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Boeing whistleblower died by suicide, police investigation reveals

Kevin Dietsch/Getty Images

Editor’s Note: If you or someone you know is struggling with mental health, help is available. Dial or text 988 or visit for free and confidential support.

Boeing whistleblower John Barnett died by suicide, according to a police report released on Friday, bringing to end an investigation of the shocking death of a longtime employee who raised concerns about the airplane manufacturer’s safety and production standards – and who sued the company, claiming Boeing illegally retaliated against him.

Barnett, 62, was found dead in a vehicle on March 9 from a self-inflicted gunshot wound in Charleston, South Carolina. Officers had been dispatched to conduct a welfare check on Barnett at a Holiday Inn when he failed to show up to a deposition in his case against Boeing, according to his lawyers and a police incident report.

When they arrived, responding officers found Barnett dead in the driver’s seat of a truck in the parking lot. He was holding a handgun. The initial police report also said there was a note in the truck.


But Barnett’s lawyers said in a statement following his death that his deposition was nearing an end and he appeared to be in good spirits.

“We didn’t see any indication he would take his own life. No one can believe it,” his lawyers, Robert Turkewitz and Brian Knowles, said in a statement on March 12. “The Charleston police need to investigate this fully and accurately and tell the public what they find out.”

The Charleston Police Department on Friday concluded their investigation into Barnett’s death, saying the Charleston County Coroner’s Office determined that Barnett had killed himself.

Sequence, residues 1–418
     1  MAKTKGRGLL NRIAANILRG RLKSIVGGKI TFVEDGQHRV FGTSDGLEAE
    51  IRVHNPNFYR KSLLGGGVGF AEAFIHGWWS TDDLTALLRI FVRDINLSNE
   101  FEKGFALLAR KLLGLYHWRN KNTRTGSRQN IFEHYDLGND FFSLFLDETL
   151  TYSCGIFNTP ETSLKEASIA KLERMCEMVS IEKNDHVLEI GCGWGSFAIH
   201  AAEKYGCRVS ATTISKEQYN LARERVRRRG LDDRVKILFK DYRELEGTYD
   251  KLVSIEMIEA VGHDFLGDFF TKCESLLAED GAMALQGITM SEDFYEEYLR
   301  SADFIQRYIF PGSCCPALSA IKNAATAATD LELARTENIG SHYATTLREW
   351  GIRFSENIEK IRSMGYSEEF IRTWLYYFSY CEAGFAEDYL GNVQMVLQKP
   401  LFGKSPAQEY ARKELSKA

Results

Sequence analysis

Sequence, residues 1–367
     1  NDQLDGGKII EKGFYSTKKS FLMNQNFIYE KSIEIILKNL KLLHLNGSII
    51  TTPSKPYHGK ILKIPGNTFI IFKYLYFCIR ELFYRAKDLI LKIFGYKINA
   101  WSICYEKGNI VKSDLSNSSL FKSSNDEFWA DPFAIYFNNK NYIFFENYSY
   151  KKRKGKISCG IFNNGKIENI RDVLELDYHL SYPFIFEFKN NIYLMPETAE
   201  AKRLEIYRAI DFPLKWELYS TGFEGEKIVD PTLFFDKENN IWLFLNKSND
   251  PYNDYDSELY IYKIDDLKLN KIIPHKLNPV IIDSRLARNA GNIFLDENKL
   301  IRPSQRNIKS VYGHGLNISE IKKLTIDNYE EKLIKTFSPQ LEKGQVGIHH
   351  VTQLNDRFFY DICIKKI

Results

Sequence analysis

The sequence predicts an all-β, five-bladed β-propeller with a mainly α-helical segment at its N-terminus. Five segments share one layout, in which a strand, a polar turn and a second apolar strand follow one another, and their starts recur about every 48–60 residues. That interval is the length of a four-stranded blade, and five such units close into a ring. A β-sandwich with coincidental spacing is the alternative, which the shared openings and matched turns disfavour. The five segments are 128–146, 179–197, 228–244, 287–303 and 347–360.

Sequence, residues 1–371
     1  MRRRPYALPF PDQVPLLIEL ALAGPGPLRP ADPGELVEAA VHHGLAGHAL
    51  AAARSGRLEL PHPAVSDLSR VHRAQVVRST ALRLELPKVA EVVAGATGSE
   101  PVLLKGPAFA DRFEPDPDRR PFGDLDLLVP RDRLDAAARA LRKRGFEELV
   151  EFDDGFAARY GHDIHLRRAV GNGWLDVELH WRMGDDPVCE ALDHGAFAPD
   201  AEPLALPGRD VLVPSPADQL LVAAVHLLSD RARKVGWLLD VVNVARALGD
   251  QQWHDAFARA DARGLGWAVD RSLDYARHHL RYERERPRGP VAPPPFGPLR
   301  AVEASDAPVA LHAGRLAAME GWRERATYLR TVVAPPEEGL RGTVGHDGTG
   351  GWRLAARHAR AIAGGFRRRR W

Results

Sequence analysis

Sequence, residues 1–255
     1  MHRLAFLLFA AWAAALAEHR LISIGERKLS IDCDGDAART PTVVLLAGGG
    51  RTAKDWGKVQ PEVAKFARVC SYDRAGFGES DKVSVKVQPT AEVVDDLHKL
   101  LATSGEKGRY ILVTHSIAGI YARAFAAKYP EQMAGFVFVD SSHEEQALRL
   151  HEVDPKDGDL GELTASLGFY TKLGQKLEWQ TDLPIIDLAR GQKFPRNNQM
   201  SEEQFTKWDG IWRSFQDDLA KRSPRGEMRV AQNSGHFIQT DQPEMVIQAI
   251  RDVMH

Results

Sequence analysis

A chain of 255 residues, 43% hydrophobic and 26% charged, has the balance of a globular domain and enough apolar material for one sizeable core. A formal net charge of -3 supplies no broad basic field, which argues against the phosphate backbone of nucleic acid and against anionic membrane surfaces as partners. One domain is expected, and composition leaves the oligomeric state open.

The investigation found that Barnett was shot in the head at close range and the weapon was found in his right hand. There was also a notebook found in the front seat of the car that showed signs that “he was going through a period of serious personal distress,” according to a media release about the police investigation.

Police shared with CNN an image of a note left in the car, which had multiple disparaging messages directed at Boeing.

“As this investigation comes to a close, we should not forget it represents the loss of Mr. Barnett’s life,” police said, “We extend our deepest sympathies to his family during this difficult time and hope they continue to find the strength to persevere in absence.”

Boeing could not immediately be reached for comment. In March, the company said it was saddened by Barnett’s death.

“Our thoughts are with his family and friends,” the company said.

Accusations of safety lapses

Barnett, a former quality manager who had worked at Boeing for decades, told the New York Times in 2019 that he had discovered unsafe wiring clusters in Boeing’s manufacturing processes that, if severed by nearby metal slivers, could have led to the catastrophic failure of an aircraft.

“As a quality manager at Boeing, you’re the last line of defense before a defect makes it out to the flying public,” Barnett told the Times. “And I haven’t seen a plane out of Charleston yet that I’d put my name on saying it’s safe and airworthy.”

In a statement sent to the plant’s employees and provided to CNN at the time, Brad Zaback, a site leader at the plant and general manager of the 787 program, said the Times’ report “paints a skewed and inaccurate picture of the program and of our team (at the plant).”

Zaback, who said the Times declined an invitation to visit the plant, said “quality is the bedrock of who we are,” adding that the plant delivers “the highest quality airplanes.”

Since Barnett’s initial public warnings about Boeing, the company has had several high-profile safety and quality lapses, including the blowout of a door plug on a 737 Max shortly after takeoff in January. That led the US Justice Department to announce this week that Boeing could face criminal prosecution for its history of safety problems.

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